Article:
Allocating more office space per person could enhance productivity and wellbeing, as well as help meet energy and carbon reduction targets.
The British Council for Offices (BCO) has recommended that organisations calculate the office space they need per person, rather than per desk, to better reflect the realities of hybrid working.
It said the office space “sweet spot” is 10-12m² per person. In 2018, the average UK office space allocated 9.6m² per desk.
Not only will this promote staff performance and comfort, it is also likely to reduce the office space’s carbon footprint, the Future of UK office densities report claims. This is because higher office densities require additional mechanical, electrical and plumbing systems, resulting in higher energy consumption.
Neil Pennell, chair of the BCO’s technical affairs committee and head of design innovation and property solutions at real estate company Landsec, said: “The UK has adopted a legally binding net zero carbon target for 2050 and the built environment has an important role to play in helping the country meet its ambitions. Making sure workplaces are designed and operated in the most efficient way will be key to reducing both embodied and operational carbon.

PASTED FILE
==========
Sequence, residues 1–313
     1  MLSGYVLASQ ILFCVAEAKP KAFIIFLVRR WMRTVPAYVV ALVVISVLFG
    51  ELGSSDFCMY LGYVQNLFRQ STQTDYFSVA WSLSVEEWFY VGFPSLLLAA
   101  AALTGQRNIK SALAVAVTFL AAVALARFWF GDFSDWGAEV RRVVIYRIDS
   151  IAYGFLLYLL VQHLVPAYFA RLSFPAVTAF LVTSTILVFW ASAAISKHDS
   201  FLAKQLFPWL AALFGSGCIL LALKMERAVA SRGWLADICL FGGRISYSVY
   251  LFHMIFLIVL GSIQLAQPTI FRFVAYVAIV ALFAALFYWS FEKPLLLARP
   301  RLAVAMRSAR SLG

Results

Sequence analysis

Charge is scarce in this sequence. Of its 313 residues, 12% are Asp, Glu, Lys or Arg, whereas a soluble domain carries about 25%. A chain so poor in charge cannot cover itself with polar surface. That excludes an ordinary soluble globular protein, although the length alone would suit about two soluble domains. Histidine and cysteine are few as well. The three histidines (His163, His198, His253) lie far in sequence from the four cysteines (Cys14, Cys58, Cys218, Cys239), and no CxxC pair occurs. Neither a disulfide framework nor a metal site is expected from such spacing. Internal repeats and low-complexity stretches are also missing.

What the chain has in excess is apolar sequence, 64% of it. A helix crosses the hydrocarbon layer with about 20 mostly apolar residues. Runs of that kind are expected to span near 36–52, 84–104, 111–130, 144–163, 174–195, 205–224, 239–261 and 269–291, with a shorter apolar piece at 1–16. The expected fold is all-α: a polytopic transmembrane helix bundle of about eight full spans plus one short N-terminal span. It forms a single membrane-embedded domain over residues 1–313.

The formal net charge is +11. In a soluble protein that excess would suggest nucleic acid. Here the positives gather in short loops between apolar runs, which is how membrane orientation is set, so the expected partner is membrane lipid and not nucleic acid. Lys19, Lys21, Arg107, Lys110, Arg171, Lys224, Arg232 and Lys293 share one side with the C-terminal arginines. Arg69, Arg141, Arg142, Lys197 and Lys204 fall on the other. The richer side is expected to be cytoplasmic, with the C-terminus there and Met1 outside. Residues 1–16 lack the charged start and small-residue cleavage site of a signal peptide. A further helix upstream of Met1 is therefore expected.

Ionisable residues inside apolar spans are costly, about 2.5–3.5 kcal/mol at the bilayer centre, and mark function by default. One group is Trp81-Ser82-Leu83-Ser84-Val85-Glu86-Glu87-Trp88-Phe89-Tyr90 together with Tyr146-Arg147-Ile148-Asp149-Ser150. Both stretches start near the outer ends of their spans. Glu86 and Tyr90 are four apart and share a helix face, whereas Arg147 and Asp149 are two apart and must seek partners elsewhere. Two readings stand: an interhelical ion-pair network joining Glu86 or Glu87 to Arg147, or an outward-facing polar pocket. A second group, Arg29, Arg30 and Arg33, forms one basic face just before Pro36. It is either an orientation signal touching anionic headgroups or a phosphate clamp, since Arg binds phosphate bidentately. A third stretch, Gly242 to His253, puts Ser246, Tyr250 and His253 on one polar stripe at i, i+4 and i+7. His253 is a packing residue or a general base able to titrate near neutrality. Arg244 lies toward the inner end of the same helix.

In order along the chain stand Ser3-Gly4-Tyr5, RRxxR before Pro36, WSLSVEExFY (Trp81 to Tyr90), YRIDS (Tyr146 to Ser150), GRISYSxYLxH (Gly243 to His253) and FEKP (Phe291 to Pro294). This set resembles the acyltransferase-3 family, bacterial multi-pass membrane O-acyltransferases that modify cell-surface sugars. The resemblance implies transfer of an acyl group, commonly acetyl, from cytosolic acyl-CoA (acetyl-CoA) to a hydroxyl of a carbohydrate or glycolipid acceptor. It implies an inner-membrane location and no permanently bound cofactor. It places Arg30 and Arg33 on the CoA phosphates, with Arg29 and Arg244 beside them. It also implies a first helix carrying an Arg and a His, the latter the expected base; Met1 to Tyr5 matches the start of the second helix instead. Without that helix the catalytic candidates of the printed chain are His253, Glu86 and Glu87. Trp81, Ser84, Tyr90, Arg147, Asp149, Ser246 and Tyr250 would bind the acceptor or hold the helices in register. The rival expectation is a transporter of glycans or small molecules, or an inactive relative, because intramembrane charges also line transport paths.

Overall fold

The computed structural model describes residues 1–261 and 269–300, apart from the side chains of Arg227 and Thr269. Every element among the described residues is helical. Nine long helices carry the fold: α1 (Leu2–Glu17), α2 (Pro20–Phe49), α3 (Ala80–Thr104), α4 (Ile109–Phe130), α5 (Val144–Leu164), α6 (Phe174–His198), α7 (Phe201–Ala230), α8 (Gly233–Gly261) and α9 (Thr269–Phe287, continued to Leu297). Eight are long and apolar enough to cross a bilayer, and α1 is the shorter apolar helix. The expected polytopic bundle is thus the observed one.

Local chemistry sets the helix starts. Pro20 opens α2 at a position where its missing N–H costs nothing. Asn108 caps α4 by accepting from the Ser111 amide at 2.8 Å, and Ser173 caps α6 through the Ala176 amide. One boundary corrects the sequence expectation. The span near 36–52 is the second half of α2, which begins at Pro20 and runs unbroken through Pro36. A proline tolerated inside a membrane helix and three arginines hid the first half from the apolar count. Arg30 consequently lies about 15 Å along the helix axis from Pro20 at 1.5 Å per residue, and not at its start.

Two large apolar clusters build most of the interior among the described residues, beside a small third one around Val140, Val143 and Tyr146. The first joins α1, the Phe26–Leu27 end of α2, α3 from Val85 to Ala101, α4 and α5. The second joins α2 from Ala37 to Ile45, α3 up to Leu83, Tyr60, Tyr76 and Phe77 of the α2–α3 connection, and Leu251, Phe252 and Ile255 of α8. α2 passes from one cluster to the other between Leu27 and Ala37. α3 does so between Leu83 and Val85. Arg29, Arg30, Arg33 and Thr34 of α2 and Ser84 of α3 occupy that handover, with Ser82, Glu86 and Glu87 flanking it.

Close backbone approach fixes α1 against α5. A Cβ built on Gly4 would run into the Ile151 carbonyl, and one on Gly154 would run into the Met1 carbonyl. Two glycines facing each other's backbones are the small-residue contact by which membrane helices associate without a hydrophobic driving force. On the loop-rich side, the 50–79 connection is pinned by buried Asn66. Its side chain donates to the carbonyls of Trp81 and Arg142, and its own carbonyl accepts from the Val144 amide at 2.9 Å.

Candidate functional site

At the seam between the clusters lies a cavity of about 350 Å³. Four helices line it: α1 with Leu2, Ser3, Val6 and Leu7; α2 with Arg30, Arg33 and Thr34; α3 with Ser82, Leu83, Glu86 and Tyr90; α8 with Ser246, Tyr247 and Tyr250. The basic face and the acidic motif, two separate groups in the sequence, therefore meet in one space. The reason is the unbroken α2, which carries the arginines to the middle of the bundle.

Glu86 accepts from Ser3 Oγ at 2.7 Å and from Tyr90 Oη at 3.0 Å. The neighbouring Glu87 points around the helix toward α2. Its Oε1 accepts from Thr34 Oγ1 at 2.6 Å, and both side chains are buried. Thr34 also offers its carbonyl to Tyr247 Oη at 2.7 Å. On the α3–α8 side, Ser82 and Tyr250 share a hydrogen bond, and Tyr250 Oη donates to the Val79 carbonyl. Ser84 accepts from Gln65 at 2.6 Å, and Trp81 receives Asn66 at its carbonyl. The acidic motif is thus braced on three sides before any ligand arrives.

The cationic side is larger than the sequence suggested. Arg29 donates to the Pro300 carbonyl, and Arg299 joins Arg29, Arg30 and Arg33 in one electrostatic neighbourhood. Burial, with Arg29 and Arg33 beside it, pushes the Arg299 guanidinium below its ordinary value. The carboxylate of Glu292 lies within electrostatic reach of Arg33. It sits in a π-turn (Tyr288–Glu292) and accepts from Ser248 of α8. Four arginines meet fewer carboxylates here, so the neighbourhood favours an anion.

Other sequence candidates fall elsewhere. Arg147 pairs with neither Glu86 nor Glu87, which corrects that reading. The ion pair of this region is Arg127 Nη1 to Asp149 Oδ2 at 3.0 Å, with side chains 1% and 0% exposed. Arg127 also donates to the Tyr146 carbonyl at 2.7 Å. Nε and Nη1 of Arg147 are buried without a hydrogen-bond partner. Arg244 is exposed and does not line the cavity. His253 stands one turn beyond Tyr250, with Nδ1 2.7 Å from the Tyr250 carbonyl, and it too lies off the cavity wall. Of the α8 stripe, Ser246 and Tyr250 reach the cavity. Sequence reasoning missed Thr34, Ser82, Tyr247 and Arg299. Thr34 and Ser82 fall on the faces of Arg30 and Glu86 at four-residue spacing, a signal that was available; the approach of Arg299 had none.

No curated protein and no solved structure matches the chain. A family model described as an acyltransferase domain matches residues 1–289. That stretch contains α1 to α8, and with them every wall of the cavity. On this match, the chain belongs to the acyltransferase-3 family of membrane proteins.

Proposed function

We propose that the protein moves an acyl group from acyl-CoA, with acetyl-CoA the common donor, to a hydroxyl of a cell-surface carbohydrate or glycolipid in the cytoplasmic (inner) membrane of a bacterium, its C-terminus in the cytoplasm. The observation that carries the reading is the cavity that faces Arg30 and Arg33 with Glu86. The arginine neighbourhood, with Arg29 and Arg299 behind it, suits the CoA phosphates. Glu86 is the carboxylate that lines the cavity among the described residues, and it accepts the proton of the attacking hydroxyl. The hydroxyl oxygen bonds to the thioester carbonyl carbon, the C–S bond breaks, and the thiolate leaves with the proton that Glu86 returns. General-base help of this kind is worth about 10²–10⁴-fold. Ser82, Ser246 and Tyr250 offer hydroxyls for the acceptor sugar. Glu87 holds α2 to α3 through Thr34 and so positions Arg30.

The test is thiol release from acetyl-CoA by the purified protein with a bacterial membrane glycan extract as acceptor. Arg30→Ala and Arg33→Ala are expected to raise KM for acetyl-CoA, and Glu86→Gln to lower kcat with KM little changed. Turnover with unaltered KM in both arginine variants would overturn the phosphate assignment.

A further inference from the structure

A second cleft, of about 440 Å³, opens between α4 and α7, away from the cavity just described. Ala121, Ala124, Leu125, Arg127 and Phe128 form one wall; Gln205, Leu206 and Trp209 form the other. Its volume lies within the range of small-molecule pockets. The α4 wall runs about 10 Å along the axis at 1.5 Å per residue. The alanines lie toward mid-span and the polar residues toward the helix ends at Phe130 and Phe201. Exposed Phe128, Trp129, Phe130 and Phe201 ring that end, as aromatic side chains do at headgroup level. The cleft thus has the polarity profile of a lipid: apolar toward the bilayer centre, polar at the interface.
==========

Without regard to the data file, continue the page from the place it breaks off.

“Our latest report finds that updating the allocated space per person, and optimising office facilities, is one way to make our workspaces more sustainable, whilst also supporting wellbeing and productivity.”
The report claims that by giving employees more space to work, common issues such as overcrowding and noise distractions are alleviated.
It adds that office owners, designers and occupiers should ensure their workspace reflects varying degrees of occupancy, with enough space for people to work during mid-week peaks.
It recommends a shift away from single desks to the creation of more collaborative workspaces with breakout spaces and a focus on hot desking.
Nigel Oseland, director at workplace design and strategy company Workplace Unlimited, said: “The ‘sweet spot’ we have identified is based on research evidence and balances the competing demands of the modern office: On one hand, the post-Covid shift that has seen increasing numbers of office workers spending more of their time working from home, with many companies implementing hot-desking for their staff when in the office. And on the other, occupiers’ and building owners’ sustainability targets, which are expected to become more pressing as energy bills rise in the coming months.”
The BCO’s recommendations were based on 18 interviews, 202 survey responses and various quantitative and qualitative data sources.